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In Ukraine, Church Continues to Fight Dark Legacy of Soviet Times

People Receiving Humanitarian Assistance Find Cause for Hope

This report is contributed by Eva-Maria Kolmann of Aid to the Church in Need.

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The Soviet Union is long gone, but its dark legacy persists in Ukraine, a leading Church official charged.

Cardinal Lubomyr Husar, the 82-year-old former head of Ukraine’s Greek Catholic Church, is concerned that many people are still influenced by the Soviet period.

“The older people began their lives in the Soviet era, and it is not easy to bring them to a different way of thinking. The Soviet mentality is still present in politics and economic life,” he told international Catholic charity Aid to the Church in Need.

The prelate called for study of the Soviet period “to show young people what they should not do. But one must also ask the question whether we have the right model before us, because Western Europe is also no ideal model. One must be very careful. There is much that is good, but there is also a moral liberalism.”

Ukrainian Church sources report that many citizens feel what they describe as an inner emptiness; a longing for God, observers say, is becoming ever greater.

Many first encounter the Church through its charitable work. The poverty in the country, which was already great, has been made more severe by the ongoing crisis in the east of the country, where Russian-backed rebels continue to challenge the Ukrainian authorities. A growing number of people is dependent on Church-run soup kitchens, clothing banks or other forms of practical assistance. Then there are a great number of displaced people, who have fled the violence in their home regions.

The Roman Catholic Bishop Stanislav Szyrokoradiuk of Kharkiv-Zaporizhia has set up a social center that offers a variety of assistance such as outpatient care, various forms of counseling, and pastoral care.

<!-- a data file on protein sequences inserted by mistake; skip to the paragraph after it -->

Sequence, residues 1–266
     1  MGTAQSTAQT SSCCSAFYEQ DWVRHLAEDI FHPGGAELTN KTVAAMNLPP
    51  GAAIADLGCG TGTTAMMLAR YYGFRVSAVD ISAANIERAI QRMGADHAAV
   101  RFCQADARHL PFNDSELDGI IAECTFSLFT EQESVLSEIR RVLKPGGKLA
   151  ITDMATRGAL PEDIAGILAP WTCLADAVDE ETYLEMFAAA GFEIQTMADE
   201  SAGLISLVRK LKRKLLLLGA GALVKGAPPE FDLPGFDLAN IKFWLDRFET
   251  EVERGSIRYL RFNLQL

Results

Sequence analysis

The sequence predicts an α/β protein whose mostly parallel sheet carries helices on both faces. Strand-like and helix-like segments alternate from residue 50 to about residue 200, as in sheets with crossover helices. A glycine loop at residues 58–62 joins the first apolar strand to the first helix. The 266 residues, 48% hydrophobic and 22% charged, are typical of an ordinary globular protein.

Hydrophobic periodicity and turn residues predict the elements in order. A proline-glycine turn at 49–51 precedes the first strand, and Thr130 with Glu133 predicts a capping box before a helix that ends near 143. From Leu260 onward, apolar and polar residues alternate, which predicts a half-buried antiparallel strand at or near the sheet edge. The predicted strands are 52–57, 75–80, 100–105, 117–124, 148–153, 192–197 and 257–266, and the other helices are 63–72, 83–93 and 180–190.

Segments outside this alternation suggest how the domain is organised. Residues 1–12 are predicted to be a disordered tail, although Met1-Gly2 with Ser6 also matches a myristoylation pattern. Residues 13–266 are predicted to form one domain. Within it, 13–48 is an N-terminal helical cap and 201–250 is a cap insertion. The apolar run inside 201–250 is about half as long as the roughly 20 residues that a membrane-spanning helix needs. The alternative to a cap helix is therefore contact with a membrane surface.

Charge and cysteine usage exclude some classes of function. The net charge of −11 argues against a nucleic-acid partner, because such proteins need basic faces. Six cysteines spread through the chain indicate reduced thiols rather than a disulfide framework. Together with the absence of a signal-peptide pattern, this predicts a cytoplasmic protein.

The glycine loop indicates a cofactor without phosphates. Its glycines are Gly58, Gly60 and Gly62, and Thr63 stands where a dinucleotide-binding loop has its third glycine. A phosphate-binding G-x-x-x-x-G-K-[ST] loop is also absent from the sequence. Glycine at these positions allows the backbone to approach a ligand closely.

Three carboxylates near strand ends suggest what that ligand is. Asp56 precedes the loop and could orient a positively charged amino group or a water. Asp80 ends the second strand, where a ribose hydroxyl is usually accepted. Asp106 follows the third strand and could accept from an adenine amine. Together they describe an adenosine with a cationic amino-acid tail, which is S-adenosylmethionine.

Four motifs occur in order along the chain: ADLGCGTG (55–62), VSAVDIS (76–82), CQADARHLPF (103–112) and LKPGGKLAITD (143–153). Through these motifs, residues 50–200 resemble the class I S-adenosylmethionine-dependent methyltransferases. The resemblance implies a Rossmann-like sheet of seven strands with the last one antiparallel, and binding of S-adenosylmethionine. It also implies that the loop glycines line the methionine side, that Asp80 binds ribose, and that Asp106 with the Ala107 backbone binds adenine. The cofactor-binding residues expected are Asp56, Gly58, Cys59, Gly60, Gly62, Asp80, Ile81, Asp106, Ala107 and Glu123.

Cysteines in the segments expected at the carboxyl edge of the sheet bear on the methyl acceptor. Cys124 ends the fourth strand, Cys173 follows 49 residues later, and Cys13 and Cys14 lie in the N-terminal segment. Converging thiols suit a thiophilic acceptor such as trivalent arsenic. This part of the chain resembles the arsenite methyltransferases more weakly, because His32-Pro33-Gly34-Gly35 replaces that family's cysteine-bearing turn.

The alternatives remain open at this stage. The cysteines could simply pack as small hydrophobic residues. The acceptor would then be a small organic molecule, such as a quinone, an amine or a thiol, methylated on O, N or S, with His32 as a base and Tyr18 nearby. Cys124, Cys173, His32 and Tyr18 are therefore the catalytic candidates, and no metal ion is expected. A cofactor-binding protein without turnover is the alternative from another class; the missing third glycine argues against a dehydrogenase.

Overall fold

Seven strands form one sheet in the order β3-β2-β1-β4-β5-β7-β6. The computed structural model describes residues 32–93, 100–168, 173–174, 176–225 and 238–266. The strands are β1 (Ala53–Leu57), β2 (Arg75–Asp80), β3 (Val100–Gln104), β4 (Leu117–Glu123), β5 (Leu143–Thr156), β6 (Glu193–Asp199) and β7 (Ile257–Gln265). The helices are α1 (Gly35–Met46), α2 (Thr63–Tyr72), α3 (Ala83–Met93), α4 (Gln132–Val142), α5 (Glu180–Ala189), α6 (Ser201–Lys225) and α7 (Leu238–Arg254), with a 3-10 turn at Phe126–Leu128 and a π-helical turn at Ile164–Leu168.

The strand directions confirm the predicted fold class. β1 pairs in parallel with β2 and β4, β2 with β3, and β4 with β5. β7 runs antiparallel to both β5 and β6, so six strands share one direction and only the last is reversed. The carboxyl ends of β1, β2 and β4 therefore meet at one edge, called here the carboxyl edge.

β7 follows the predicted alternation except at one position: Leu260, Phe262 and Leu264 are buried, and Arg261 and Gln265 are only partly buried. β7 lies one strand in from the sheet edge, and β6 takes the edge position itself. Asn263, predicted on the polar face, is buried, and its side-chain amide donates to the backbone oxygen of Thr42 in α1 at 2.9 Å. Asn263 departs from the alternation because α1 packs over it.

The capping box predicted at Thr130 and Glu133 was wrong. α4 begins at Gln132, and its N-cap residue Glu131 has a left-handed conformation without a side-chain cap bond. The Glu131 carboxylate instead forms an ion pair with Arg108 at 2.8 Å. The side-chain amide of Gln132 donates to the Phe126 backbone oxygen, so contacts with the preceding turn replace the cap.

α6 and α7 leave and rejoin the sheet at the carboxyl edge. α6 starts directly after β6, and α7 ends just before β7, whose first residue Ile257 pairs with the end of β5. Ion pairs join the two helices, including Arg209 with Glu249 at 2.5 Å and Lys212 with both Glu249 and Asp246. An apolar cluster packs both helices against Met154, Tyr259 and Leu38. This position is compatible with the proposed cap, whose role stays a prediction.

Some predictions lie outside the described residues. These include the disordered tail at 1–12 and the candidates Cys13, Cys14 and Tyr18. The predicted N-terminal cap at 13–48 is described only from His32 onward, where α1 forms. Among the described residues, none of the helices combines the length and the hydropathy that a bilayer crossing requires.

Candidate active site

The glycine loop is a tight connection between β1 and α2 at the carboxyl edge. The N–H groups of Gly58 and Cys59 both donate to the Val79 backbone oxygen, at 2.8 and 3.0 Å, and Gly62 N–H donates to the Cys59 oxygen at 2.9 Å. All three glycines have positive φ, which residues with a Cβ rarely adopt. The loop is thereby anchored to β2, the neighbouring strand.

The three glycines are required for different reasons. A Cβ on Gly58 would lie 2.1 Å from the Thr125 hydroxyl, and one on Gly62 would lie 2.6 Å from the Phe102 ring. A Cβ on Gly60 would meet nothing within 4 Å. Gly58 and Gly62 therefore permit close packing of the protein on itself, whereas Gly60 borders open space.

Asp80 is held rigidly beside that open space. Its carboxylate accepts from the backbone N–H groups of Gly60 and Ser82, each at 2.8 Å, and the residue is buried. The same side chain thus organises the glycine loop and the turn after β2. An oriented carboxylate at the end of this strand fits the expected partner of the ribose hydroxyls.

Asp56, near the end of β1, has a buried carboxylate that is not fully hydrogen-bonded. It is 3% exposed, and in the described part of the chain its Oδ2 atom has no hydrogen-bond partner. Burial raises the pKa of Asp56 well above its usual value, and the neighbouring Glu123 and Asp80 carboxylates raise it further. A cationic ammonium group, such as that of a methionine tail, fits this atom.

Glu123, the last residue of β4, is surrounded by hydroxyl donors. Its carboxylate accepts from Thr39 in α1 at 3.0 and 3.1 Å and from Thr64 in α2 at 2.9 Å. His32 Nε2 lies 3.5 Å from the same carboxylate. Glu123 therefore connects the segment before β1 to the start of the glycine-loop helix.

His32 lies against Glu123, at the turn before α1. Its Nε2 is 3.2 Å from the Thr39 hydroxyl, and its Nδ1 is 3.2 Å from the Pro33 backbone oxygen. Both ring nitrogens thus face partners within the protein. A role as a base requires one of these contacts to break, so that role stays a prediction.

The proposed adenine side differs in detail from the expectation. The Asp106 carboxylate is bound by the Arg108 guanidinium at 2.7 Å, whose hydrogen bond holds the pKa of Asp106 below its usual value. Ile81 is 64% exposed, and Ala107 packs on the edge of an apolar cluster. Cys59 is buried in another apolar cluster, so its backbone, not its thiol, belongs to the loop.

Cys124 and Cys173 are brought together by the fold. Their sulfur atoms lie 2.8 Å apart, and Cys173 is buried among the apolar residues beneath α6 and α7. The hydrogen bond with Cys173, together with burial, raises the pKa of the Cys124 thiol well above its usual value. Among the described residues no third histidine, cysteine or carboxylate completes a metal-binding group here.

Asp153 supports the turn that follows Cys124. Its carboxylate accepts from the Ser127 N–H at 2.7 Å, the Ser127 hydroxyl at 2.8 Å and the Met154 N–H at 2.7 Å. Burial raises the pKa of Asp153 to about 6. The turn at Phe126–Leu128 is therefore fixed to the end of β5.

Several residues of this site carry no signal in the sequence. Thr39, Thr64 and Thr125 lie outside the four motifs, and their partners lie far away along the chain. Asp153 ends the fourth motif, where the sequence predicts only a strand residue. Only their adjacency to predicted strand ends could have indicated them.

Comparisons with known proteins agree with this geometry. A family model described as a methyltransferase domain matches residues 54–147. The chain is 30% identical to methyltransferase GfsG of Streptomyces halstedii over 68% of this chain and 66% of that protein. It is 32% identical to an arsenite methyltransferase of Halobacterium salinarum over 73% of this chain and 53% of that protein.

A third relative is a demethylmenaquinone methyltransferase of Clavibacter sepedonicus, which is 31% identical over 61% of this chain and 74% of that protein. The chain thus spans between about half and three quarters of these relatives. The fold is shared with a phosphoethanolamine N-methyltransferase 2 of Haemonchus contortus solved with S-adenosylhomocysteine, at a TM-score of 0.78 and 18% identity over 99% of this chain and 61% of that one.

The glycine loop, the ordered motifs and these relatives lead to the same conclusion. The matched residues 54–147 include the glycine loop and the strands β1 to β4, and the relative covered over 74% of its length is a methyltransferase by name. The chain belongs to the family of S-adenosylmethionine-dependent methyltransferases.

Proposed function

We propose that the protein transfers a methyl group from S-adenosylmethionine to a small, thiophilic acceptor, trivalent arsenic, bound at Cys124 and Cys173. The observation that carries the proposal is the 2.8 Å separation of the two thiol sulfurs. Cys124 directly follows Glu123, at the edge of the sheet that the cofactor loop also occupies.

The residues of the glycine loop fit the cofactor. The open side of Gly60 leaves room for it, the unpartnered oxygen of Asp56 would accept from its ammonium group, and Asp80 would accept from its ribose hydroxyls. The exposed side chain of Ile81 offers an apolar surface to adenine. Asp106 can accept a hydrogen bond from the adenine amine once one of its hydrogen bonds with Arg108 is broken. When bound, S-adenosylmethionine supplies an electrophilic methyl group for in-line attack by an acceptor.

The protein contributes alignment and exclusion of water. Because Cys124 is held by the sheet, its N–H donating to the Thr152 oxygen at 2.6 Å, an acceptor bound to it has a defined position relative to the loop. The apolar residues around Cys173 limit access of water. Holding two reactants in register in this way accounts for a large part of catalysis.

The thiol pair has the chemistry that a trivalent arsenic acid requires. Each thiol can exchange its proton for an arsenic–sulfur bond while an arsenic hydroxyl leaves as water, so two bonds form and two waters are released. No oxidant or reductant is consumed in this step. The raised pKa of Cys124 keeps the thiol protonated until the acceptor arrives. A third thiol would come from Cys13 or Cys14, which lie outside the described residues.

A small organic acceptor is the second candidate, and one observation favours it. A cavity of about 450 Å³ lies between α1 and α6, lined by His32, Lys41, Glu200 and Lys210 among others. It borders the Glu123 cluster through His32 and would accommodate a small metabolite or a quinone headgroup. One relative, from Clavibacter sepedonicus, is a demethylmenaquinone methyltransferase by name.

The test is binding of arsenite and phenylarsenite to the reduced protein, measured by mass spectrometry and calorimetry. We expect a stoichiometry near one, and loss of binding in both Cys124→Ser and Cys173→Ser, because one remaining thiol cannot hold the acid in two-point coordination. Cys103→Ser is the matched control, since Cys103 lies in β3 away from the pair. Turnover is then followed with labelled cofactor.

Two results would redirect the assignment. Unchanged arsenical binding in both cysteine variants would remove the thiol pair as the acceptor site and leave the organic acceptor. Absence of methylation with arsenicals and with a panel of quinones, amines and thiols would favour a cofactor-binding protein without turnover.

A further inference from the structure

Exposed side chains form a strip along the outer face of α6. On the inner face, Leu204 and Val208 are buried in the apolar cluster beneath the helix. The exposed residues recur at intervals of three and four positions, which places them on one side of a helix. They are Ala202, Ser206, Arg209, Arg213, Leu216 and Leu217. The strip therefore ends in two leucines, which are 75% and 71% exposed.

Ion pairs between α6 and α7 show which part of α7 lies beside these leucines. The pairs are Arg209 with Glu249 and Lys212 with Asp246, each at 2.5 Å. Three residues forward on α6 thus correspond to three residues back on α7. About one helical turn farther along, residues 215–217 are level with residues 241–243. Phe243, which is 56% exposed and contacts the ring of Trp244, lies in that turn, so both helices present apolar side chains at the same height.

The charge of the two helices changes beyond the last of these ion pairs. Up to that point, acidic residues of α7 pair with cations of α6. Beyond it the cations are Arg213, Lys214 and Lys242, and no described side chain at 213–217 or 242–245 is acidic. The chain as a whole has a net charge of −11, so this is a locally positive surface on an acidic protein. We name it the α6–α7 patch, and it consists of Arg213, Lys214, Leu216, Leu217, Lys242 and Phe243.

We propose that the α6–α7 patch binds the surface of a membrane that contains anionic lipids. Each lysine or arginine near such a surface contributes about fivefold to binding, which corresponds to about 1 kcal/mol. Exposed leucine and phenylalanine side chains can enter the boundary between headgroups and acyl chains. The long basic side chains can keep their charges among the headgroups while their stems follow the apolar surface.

Auxiliary Bishop Jan Sobilo of Kharkiv-Zaporizhia expressed particular concern for people on the margins of society, including drug addicts and alcoholics. These, he said, not only need humanitarian aid; they also need pastoral and spiritual support to break out of their addiction. “So many young people came to our soup kitchens, but too many of them are ruined,” the bishop said, adding, however, that, if they can escape from drugs and find their way to God, wonderful things can happen. Already, Bishop Sobilo has ordained a former drug addict. That priest is now responsible for the youth ministry in the diocese.

Bishop Sobilo’s own journey is an unusual one too: he came from Poland to Ukraine 25 years ago as a young priest, expecting to stay for just a year or so. Thanks to an early welcome from a local Catholic family, he eventually managed to build the local cathedral and was ordained a bishop.

The bishop describes the local Carmelite convent as the “heart” and the “most important point in the diocese.” The mostly young sisters even get up at night to pray when anyone calls on them needing help. “Their prayers are a great support for the priests, for the sick and for many people. The success of the pastoral work of our diocese also depends on their prayers,” Bishop Sobilo said.

Aid to the Church in Need is an international Catholic charity under the guidance of the Holy See, providing assistance to the suffering and persecuted Church in more than 140 countries. www.churchinneed.org (USA); www.acnuk.org (UK); www.aidtochurch.org (AUS); www.acnireland.org (IRL); www.acn-aed-ca.org (CAN)

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